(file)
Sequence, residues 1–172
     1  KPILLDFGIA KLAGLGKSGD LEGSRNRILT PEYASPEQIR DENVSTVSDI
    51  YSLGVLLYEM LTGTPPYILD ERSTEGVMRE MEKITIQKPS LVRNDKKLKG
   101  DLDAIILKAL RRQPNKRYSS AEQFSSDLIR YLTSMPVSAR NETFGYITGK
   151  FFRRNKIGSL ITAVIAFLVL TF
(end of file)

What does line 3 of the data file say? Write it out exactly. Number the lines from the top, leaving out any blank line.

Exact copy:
    51  YSLGVLLYEM LTGTPPYILD ERSTEGVMRE MEKITIQKPS LVRNDKKLKG